Facilitative Leadership

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Symbollically, a round conference table works better since the faciliative leadership style requries the perception of equality.

This article discusses the strengths and weaknesses of facilitative leadership—is a special type of leadership style for building consensus in meetings.

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Acting Like a Facilitative Leader

If you fail to honor your people,
They will fail to honor you;
It is said of a good leader that
When the work is done, the aim fulfilled,
The people will say, “We did this ourselves.”
Lao Tzu, , 604-531 B. C., Founder of Taoism, Tao Te Ching

Effective faciliative leadership is based on three major assumptions.

Assumption 1: Facilitator Neutrality

One of the major differences between an autocratic leader and a facilatative leader is how each is perceived. Autocratic leaders typically take a position for which they are strong advocates. Facilitative leaders appear neutral and may really be neutral.

Assumption 2: The Leader Acts in the Best Interest of the Group

In many respects the faciliative leadership looks a great deal like a servant leader—they put the primary needs of the group ahead of their own selfish needs. A classic example is short-term profits over long term growth. The dominant view in capitalism is to stroke short-term results and to hell with the long-term. Such a view benefits the c-level executives and impatient investors at the expense of employees and patient investors.

For an exception to this rule, see the 60 Minutes video titled Antinori: Keeping it All in the Family

During facilitation, it’s hard to act in the best interest of the group as a whole. It’s hard to know what best interest means.

Let’s say that a corporation has set up a strategy council to determine fundamental business strategy. Since the CEO is to busy shepherding merger, the CIO is asked to chair the sessions. For that person to be successful as a facilitator, she would have to set aside her advocacy role for the use of information technology.

Assumption 3: It’s Important to Build Consensus

To understand faciliative leadership, one has to understand the nature of consensus. The Diocese of Greenburg defines it as, “A method of making decisions through which a group strives to reach substantial, though not necessarily unanimous, agreement on matters of overall direction and policy which can be supported by all.”

Some might say it means one needs 100% agreement, others might say it means everyone agrees somewhat. Someone else might say, “You have consensus when they can live with it.” A cynic might say, “Consensus is when someone is not actively sabotaging the efforts of the group.”

Whatever definition is chosen, consensus is important since groups members experiencing it support and are more committed to implementing the the solution.

Consensus in The Real World

There are some very powerful groups that must function by consensus. For example, policy developed by members of the G8, the European Union, and ASEAN are all based on consensus. If something is agreed to in summit, individual states must voluntary carry it out.

Using The Facilitative Style During Meetings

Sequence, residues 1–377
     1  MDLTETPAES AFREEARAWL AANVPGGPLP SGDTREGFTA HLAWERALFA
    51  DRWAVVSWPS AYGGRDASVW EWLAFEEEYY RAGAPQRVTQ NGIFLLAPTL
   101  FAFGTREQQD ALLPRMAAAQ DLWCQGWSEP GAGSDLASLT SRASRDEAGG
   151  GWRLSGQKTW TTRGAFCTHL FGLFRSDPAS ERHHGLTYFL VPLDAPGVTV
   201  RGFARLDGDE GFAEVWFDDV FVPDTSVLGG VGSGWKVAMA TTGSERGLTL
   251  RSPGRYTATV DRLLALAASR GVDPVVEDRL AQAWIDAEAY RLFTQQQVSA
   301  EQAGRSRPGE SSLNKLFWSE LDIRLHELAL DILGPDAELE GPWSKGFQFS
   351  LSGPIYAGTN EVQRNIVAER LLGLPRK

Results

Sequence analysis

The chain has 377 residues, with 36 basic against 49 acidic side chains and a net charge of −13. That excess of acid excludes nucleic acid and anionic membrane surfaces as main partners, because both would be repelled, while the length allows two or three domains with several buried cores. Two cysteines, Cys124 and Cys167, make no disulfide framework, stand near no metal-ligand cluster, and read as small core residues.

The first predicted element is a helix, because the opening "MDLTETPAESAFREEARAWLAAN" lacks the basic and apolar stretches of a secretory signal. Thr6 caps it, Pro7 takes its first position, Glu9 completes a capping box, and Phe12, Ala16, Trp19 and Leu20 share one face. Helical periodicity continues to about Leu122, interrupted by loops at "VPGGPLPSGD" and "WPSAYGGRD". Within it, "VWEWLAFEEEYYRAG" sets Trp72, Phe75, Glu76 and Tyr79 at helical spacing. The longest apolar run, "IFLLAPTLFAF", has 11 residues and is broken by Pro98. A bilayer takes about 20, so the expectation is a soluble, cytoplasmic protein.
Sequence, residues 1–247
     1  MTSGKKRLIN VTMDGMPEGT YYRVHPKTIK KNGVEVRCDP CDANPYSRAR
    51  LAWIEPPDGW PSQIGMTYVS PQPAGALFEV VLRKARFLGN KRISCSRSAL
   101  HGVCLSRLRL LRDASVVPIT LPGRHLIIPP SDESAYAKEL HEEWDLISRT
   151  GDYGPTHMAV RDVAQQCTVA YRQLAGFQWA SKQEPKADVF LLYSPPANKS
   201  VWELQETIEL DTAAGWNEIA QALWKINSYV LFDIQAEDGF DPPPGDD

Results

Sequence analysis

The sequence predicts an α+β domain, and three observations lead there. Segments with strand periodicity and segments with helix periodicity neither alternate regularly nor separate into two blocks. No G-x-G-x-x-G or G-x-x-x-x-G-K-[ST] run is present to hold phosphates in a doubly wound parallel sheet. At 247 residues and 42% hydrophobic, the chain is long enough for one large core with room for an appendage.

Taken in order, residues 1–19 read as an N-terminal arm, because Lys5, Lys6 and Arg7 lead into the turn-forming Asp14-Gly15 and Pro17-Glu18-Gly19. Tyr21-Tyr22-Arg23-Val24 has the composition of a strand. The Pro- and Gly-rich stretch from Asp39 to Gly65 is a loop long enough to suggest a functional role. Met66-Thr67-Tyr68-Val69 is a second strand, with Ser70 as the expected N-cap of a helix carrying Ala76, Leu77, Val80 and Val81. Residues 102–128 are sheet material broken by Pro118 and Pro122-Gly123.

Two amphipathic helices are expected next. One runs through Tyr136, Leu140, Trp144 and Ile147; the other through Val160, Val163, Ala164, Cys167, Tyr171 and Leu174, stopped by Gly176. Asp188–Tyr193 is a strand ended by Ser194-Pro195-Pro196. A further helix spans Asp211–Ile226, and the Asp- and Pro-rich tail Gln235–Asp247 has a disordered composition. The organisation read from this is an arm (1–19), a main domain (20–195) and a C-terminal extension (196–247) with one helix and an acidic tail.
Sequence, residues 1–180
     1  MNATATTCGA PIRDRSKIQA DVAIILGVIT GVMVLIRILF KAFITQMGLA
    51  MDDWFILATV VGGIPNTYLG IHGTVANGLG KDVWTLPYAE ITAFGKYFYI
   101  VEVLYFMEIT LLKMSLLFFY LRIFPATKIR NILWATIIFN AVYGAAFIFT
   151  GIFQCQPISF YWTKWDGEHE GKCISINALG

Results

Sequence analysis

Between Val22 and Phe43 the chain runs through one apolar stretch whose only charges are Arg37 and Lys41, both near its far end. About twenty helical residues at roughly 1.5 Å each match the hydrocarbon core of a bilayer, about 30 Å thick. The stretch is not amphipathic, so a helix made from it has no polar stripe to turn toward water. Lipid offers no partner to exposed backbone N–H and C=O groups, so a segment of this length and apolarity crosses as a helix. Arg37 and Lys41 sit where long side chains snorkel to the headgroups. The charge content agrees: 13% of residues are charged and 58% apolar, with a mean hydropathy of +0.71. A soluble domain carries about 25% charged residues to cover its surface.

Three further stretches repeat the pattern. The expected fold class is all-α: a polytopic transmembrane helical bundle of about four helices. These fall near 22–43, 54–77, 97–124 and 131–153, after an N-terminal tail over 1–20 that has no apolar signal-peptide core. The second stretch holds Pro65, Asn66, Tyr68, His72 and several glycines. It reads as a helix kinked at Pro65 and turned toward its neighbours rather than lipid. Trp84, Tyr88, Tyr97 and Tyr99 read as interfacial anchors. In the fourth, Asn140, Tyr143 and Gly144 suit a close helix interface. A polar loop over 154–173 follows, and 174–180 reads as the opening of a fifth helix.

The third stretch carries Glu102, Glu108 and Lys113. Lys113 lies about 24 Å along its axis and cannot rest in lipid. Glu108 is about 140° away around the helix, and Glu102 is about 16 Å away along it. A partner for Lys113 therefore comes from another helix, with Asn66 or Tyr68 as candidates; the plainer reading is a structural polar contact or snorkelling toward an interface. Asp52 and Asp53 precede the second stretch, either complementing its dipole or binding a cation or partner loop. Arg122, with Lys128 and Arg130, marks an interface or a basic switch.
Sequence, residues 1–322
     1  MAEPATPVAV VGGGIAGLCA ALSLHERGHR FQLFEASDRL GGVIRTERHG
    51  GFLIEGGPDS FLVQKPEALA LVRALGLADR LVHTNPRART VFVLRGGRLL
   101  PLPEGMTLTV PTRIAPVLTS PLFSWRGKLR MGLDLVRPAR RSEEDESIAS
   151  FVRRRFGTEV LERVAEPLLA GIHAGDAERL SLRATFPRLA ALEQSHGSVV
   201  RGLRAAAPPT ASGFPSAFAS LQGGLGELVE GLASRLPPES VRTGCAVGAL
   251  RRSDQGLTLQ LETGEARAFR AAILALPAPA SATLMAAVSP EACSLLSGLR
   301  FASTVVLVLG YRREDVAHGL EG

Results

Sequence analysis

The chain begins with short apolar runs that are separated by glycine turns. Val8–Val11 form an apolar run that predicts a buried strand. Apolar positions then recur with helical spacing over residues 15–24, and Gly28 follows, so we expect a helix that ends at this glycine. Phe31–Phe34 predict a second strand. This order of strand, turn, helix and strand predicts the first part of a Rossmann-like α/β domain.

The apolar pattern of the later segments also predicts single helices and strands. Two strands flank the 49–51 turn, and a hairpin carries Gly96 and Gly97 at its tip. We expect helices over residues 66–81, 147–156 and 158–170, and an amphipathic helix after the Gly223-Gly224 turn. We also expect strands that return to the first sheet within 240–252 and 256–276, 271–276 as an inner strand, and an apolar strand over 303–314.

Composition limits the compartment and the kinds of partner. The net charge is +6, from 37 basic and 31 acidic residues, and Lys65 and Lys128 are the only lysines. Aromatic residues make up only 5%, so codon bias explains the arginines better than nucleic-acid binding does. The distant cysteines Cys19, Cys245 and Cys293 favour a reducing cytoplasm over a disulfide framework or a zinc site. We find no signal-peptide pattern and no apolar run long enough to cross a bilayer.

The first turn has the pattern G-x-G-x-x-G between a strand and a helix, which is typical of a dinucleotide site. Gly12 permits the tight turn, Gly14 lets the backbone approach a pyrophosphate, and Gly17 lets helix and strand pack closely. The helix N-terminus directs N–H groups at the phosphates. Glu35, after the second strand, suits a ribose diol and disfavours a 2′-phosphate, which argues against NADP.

Meeting facilitation is most appropriate when one has to deal with complex problems. It’s strength is it’s ability to meld the best ideas from different people. Use it when one needs the strong support and active cooperation. It’s a natural style for project managers, board chairman, entrepreneurs, and team leaders. Unfortunately, if over used, it can create problems as well.

Problems With Facilitation of Meetings


Those who over use facilitative leadership can experience a number of problems.

Inappropriate Use Presents an Appearance of Weakness

High power distance cultures such as those in Asia tend to prefer leaders with an autocratic style. In some environments, people prefer to be told what to do, not asked what they should do. It’s important to remember, faciliative leadership does not mean a complete absence of autocratic leadership,

It Requires High End Communication Skills

Functioning as afacilatative leader requires more skill than acting as an autocratic one. Telling people what to do is easy, asking them what to do and getting them to all agree is hard.

It takes Time To Reach a Consensus

Making the decision yourself is always faster—obtaining consensus is slow and often difficult. In fact, some might argue that if consensus is unlikely, it’s better just to make the decision yourself.

Comparison Between Autocratic Leadership and Group Facilitation

In many respects they are very different, but each possesses strengths that when used appropriately, can complement each other.


Facilitative Leadership

Autocratic Leadership

Verbal Patterns More Questions More Statements
Power Orientation Social. It’s more about the group and what’s good for them. Selfish. It’s mostly about me although sometimes it’s about my in-group
Influence Orientation Consensus Directive
Symbolism The round table with the leader somewhere in the middle The long table with the leader always at the head of it
Dominance Level Appears less dominant since the style is more subtle More Dominant, more Assertive
Advocacy Perceived Neutrality Rarely neutral on anything


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